20mph: Welsh Government points to Spain ahead of Sundays speed limit change
“There will be some fears beforehand, but everything will become normal quickly and then everything will start to get better.”
That was the message to the people of Wales from one of the key people behind Spain’s move to a 30km/h speed limit – or or 18.6MPH.
On September 17 Wales will follow Spain and controversially lower the default speed limit which will save lives and money First Minister Mark Drakefrod has said.
Spain made a similar change in 2019, and has since reported a fall in urban road deaths.
Álvaro Gómez is Head of the National Road Safety Observatory in Spain and played a key part when the country changed the speed limit on the majority of its roads to 30km/h in 2019.
Since then, Spain has reported 20% fewer urban road deaths, with fatalities reduced by 34 per cent for cyclists and 24 per cent for pedestrians.
Mr Gómez recorded the message with just days before Welsh streets that currently have a 30mph speed limit switch to 20mph.
The move, that has been described as the ‘biggest step-change in community safety in a generation’ comes into force this Sunday.
Mr Gómez said: “The main target for us was to reduce the number of serious and fatal incidents in Spanish cities.
“Eight out of ten fatalities in cities are vulnerable road users and this includes pedestrians, cyclists, motorcyclists and e-scooter users.
“Speed is key to reducing risk. We have an older population in Spain and we were concerned about the number of pedestrians who were killed or seriously injured in road accidents.
“We didn’t have any serious incidents with local authorities over implementation. It all went well. Spanish drivers and road users and cyclists and pedestrians are very comfortable with the new limit.
“The main message to people of Wales is that you can do it.
“There will be some fears beforehand but our experience and the experience of other cities across the world is that once it is done things become normal quickly.
“There are no big delays, there is no congestion there is no increase of pollution.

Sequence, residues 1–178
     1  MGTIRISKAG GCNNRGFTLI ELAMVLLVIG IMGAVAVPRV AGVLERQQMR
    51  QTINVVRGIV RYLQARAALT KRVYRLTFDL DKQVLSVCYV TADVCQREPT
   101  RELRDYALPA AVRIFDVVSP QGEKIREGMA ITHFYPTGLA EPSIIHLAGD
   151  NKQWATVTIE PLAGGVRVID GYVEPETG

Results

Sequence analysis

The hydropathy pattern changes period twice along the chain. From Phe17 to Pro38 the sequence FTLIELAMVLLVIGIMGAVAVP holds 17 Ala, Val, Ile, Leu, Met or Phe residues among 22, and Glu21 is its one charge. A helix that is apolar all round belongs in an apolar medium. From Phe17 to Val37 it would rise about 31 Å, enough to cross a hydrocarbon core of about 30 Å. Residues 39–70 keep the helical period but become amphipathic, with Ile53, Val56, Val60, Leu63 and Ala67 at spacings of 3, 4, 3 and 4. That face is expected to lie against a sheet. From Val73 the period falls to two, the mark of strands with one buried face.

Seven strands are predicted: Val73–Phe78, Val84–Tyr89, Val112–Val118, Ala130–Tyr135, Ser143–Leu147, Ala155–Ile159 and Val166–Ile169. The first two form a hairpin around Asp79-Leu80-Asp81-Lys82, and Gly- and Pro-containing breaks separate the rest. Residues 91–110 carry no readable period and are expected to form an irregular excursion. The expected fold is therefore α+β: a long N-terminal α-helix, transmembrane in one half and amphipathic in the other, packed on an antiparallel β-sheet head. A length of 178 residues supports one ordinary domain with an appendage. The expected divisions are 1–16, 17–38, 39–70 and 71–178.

“Everything becomes normal, and everything gets better.”
The change in Wales comes after four years of work with local authorities, police and road safety experts to design a change in law, making Wales the first UK nation to reset the default speed limit for local roads.
Research shows the 20mph default speed limit could save £92m a year by reducing the number of deaths and injuries. It could also help to reduce pressure on the NHS from a reduction in injuries from road traffic collisions.
Over the first decade, it is estimated a lower speed limit will save up to 100 lives and 20,000 casualties.
Welsh Conservatives have tabled a motion in the Senedd on Wednesday calling for The Restricted Roads (20 mph Speed Limit) (Wales) Order 2022 to be repealed.
Commenting, Welsh Conservative Shadow Minister for Transport, Natasha Asghar MS said:
“Labour’s blanket 20mph speed limits will have a detrimental impact on our economy, emergency services, and the livelihoods of the people in Wales. That’s why in the Senedd this week, the Welsh Conservatives are forcing a final vote on the issue, telling the Labour Government to not go ahead with this ludicrous and dangerous policy.
“With the Labour Government’s own explanatory memorandum to their 20mph bill stating that 20mph speed limits will cost the economy up to a whopping £9 billion, it’s time for Labour to focus on the people’s priorities, which they continue to neglect. We believe this money would be better spent on more doctors, more teachers, and more nurses.
“Now is the time for Labour to put their extreme ideology and mass confusion to one side and scrap barmy blanket 20mph speed limits.”
- Welsh Government have allocated around £800,000 to spend on telling you all about the new 20MPH zones – ‘Hyperlocal’ media such as Deeside.com and Wrexham.com appears to be noted in their communications plan as ‘earned’ coverage such as this article, rather than paid promotion for the likes of legacy media or big social media giants.
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